For the average internet user, knowing what information to trust online has never been more challenging and more critical. The challenge amplifies when unverified news rapidly surpasses the speed of verification, ending up in mainstream news and even statements from leaders. This complexity was evident when, according to Vox, US President Joe Biden remarked on unverified, claims about Hamas militants’ actions on children during the initial attack.
The Way Forward: Robust Moderation and Psychological Support
The intensity of the recent conflict underscores the need for stronger content moderation teams that are well-equipped to handle such crises. This not only means employing more moderators but also providing them with the necessary tools and training to discern harmful content based on platform policy and genuine news versus disinformation.
And let’s remember, for many social media platforms, they have let go many of their Trust and Safety team members, including content moderators. In an article in May 2023, CNBC reported that Meta, Amazon and Twitter all laid off members of their Trust and Safety teams. This means that less people have to do more work, to try to ensure in-platform content is accurate.
But for many moderators, it can be personal too. Moderators must balance their personal ethics with platform policy enforcement which requires self-awareness and psychological distancing to manage ethical misalignments or dilemmas they may face.
Dr. Michelle Teo, Health and Wellbeing Director at Zevo Health shares her insights from working directly with moderators, stating that “one of the most unique issues facing moderators is how they process the emotional impact of actioning a ticket when they feel the action doesn’t align with their own values – but it follows platform policy regulations. This can be as simple as not being able to revoke the account of a platform user who has been reported for scamming other users. The moderator may recognize the scam within the materials they are viewing but, without the evidence as per the policy, they have no option but to allow the user to remain on the platform. When a moderator is told that their role is to safeguard users and they feel they cannot do this, therein lies the dilemma. This can bring about feelings of guilt, shame, and anger – all emotions that can have a deep impact on someone’s sense of worth and their sense of meaning and purpose in their work. This impact becomes more profound when we’re talking about content like child and animal abuse, graphic violence, or revenge porn.”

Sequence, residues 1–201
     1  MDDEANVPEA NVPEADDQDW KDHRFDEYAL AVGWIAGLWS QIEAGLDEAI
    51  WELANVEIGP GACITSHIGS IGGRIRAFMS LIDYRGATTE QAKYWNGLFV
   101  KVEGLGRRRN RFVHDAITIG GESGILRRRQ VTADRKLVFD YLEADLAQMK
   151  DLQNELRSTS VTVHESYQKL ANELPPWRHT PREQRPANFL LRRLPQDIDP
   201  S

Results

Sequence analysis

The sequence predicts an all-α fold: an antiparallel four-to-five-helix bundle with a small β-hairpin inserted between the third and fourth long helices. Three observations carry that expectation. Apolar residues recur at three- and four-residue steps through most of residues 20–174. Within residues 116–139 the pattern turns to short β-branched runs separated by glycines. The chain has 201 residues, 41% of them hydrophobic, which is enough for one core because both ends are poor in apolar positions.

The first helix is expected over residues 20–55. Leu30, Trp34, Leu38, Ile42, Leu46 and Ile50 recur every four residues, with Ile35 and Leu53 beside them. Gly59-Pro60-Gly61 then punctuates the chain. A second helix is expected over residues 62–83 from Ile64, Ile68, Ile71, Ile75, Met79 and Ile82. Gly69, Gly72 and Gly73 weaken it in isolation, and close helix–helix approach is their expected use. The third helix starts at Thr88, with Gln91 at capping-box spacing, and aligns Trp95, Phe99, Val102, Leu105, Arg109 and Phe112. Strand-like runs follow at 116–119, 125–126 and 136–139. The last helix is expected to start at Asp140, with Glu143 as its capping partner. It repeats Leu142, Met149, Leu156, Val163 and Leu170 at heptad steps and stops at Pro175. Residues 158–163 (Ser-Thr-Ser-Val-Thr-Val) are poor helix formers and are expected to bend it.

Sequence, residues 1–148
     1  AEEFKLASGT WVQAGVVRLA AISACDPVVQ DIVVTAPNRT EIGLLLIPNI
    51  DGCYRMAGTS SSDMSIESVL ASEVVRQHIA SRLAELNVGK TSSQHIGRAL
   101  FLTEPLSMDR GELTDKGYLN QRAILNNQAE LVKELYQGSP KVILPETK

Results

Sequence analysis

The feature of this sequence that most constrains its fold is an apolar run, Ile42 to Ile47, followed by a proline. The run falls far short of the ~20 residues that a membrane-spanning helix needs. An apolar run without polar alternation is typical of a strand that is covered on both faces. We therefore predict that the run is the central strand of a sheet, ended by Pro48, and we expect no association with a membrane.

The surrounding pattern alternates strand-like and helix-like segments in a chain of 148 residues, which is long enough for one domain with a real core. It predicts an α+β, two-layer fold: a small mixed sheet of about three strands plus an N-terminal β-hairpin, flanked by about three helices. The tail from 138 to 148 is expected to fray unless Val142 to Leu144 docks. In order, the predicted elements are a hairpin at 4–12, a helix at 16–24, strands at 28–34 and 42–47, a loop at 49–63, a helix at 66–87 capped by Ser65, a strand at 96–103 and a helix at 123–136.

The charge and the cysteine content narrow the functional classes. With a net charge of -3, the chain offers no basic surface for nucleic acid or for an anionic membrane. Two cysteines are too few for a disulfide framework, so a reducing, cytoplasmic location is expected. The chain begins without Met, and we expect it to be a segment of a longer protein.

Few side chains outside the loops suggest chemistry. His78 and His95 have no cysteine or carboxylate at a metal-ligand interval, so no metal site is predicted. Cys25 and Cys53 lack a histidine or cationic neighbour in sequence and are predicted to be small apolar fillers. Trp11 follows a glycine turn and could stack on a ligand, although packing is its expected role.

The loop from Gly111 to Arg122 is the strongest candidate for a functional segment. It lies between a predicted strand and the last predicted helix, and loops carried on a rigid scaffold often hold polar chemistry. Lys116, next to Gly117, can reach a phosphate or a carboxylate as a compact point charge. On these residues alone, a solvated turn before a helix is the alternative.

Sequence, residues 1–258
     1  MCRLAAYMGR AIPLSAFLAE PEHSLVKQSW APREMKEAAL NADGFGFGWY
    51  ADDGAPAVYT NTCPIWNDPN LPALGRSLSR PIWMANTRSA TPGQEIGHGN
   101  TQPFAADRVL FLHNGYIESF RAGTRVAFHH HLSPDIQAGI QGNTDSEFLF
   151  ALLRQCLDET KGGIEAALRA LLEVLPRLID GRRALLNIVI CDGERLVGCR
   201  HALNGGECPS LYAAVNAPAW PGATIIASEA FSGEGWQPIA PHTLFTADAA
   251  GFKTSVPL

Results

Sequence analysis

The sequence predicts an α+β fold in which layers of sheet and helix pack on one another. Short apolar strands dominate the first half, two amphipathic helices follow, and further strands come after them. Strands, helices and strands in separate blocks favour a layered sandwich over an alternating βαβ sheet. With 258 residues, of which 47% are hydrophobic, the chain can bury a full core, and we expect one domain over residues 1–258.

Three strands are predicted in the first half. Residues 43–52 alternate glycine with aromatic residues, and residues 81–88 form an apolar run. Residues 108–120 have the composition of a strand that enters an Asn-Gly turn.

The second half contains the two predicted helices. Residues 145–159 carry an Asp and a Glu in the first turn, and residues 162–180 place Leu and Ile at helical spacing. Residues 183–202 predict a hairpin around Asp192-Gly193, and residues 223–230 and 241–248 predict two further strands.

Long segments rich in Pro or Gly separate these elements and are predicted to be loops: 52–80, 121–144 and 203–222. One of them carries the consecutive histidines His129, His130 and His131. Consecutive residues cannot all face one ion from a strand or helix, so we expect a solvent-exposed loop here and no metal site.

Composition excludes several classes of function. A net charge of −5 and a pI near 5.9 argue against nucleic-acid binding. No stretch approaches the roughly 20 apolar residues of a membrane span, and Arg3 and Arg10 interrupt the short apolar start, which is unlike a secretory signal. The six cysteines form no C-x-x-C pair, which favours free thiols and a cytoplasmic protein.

In fact, the entire moderation ecosystem including policy developers, AI, people managers, workforce management teams, etc. needs to be equipped to respond to these crises. For example, with increasing disinformation campaigns, companies may query if their current AI models can accurately determine whether a video was taken years ago versus in the moment. From the operational lens, workforce management teams need to forecast overtime or increasing headcount on moderation teams’ responsible for monitoring hate speech and graphic violence workflows as the influx of content rises exponentially.
Equally important is the psychological support that these moderators and their support teams require. Companies must recognize the mental toll that content moderation can take on the people surrounding the content. moderators. Particularly during ongoing crises such as the Hamas-Israel conflict, it is imperative that long-term impacts are considered and addressed. This may necessitate weeks, months, or even year-long support avenues for moderation teams.
In times of crisis, it is insufficient to simply rely on day-to-day supports. Holistic approaches must consider all stakeholders in the ecosystem, the potential risks inherent to each role and how roles interact with one another, and timely and effective risk mitigation measures. Companies must invest in their moderation teams and their mental health support systems to ensure the psychological health and safety of their people, especially content moderators and their trust and safety teams.